DNIS - Dialed Number Identification Service

Where ANI identifies the incoming call number, dialed number identification service (DNIS) does the opposite - it tells you which number was called. This is helpful for call centers that have multiple numbers that ring the same lines, like different service numbers for each product their company sells.

EWT - Expected Wait Time

When placed on hold a customer will be given an expected wait time (EWT) to let them know how long it will be before an agent is available to take their call.

FCR - First Call Resolution

First call resolution (FCR) is a metric used in contact centers to monitor the quality of service customers receive from agents by measuring how many times their issue was resolved in the first point of contact with the business.

IVR - Interactive Voice Response

Much like voice recognition, contact centers use an interactive voice response (IVR) system to route customers through to the necessary agent or department by asking them to choose from a menu of options or enter information, using their phone keypad.

NPS - Net Promoter Score

The net promoter score (NPS) is a loyalty measurement of how likely a customer is to recommend your company, product or service to a friend. Using a single survey question with a 1-10 scale, customers are grouped into a category: promoter, passive, or detractor. The NPS is calculated by subtracting the percentage of detractors from the percentage of promoters.

QM - Quality Monitoring

In order to ensure that contact centers are continuously providing the best possible experience for their customers, quality monitoring (QM) is carried out in various forms to monitor agent performance.

SBR  - Skill-Based Routing

Skill-based routing (SBR) is an intelligent call routing system that will automatically direct customers with a specific problem to agents with the skills needed to resolve that issue in the fastest possible time, without having to escalate the call any further.

TAPI - Telephony Application Programming Interface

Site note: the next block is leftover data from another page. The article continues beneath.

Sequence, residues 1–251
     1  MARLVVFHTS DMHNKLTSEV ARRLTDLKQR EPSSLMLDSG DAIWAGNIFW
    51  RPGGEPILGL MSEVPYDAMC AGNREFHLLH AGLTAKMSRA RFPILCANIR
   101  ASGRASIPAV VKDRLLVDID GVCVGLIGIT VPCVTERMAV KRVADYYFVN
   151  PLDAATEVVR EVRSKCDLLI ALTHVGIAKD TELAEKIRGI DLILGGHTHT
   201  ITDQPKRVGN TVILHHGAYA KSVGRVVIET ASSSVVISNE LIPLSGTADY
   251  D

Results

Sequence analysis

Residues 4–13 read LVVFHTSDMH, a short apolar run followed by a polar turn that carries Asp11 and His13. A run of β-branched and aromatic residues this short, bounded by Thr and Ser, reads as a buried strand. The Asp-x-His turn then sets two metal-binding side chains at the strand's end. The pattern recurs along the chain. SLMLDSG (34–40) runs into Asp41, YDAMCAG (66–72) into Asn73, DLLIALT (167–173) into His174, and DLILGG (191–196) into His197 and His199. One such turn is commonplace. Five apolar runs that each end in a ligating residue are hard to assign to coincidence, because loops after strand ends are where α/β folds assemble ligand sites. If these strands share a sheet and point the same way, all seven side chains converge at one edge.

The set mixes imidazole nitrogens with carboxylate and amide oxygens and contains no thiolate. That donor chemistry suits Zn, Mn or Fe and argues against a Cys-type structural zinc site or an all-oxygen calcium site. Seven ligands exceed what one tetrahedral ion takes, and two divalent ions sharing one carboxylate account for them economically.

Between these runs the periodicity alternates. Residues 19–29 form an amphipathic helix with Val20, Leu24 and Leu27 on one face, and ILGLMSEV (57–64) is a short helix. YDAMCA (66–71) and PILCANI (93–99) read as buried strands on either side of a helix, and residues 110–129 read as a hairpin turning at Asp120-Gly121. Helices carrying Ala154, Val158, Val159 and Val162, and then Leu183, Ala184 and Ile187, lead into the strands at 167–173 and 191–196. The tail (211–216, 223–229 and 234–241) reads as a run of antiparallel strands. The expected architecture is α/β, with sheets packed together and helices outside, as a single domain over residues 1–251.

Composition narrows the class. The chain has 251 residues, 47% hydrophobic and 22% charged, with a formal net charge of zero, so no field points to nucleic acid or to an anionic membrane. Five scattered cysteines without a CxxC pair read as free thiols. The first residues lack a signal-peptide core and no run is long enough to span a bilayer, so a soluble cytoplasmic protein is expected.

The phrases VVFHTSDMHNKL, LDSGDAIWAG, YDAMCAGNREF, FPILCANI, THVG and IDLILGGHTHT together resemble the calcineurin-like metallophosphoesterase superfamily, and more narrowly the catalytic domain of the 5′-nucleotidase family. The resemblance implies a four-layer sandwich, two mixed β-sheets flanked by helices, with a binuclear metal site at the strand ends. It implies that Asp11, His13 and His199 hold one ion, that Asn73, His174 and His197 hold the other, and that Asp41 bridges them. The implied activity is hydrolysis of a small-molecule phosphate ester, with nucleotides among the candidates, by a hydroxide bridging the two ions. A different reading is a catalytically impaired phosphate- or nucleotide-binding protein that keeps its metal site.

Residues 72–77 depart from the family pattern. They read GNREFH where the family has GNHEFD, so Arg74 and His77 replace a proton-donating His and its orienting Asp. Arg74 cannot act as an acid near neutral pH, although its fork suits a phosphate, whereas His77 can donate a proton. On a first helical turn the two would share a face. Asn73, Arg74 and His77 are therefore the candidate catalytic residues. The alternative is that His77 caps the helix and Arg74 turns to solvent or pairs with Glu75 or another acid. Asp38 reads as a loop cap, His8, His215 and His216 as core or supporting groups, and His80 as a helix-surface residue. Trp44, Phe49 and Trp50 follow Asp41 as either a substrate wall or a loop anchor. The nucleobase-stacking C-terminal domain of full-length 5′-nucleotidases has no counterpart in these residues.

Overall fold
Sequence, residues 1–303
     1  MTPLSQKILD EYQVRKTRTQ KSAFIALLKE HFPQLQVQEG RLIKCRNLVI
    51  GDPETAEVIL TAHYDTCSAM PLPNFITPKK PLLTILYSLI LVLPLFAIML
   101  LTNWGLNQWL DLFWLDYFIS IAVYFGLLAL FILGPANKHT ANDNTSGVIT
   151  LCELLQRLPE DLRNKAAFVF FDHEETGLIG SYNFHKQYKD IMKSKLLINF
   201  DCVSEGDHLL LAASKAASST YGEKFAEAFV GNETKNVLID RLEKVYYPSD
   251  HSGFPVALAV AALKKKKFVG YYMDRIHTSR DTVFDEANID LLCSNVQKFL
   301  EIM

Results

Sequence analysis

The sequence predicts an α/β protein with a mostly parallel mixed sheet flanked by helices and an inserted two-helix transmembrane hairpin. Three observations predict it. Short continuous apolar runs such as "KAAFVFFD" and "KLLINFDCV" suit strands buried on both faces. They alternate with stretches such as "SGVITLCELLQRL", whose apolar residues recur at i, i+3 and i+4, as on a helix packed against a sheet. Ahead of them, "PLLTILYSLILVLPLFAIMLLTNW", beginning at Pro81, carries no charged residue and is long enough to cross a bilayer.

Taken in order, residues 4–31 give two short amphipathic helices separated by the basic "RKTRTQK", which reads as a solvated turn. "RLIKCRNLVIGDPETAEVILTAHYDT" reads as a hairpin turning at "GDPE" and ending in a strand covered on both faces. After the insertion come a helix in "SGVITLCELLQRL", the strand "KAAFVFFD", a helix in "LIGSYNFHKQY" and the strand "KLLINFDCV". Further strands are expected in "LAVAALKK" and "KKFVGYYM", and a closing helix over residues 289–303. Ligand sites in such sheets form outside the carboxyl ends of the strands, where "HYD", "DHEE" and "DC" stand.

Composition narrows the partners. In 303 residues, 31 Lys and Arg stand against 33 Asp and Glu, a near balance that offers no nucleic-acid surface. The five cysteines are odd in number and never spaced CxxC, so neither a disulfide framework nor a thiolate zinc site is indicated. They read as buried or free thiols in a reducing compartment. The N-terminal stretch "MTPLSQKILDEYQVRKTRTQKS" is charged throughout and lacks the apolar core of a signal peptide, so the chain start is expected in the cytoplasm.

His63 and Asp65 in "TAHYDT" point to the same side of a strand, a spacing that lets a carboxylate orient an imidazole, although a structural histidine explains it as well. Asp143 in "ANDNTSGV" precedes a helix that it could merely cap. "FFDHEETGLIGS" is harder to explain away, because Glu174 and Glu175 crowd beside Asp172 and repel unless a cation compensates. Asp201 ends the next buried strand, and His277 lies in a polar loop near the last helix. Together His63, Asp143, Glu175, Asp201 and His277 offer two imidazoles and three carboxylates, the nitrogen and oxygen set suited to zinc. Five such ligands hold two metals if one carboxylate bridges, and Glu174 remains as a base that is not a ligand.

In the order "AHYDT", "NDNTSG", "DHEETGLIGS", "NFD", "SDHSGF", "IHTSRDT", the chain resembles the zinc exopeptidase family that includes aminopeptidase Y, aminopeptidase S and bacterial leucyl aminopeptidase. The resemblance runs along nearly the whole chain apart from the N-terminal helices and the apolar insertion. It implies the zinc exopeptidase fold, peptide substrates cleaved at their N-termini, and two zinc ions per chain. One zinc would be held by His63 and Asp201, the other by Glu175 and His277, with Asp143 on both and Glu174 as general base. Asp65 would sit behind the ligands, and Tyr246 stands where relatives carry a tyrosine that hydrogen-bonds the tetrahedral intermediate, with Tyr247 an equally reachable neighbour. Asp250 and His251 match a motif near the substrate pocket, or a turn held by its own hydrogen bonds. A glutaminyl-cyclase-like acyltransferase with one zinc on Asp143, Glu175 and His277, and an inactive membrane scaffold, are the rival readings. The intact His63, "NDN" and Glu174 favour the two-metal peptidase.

A telephony application programming interface (TAPI) is an API that enables computer telephony integration. It puts call controls in the hands of an application so it can interact with a phone system.

TSAPI - Telephony Server Application Programming Interface

Similar to TAPI, a telephony service application programming interface (TSAPI) is also an API that makes it easier for CTI solutions to integrate telephony and computer systems, except it is server-based.

WFO - Work Force Optimization

Time is money in contact centers and work force optimization (WFO) is a strategy used to ensure that productivity levels remain high and no precious seconds are wasted. Examples of WFO include automating processes, data visibility, compliance on legislation and resolving business problems related to staff.


John WoodsAbout John Woods

John Woods is an experienced copywriter, communications enthusiast, blogger, SEO master and all-round tech nerd that specializes within the fields of computer telephony integration (CTI), cloud computing, unified communications and artificial intelligence (AI). He has written for some of the UK’s most reputable business comms publications including UC Today, the world’s leading unified communications & collaboration publication, and Denwa Communications (now Solar Communications), a leading managed service cloud provider and Mitel Gold Solutions Partner. John holds a Bachelor of Arts degree in English literature from Leeds Metropolitan University. His work has been published on No Jitter and Customer Contact Central, and he has won recent writing awards from the 2018 Customer Contact Central MVP Awards – 2nd place winner in the call monitoring category and honorable mention in the multichannel and omnichannel category. In his spare time, John enjoys travelling around Central and South America.

LinkedIn: https://www.linkedin.com/in/johnpeterwoods/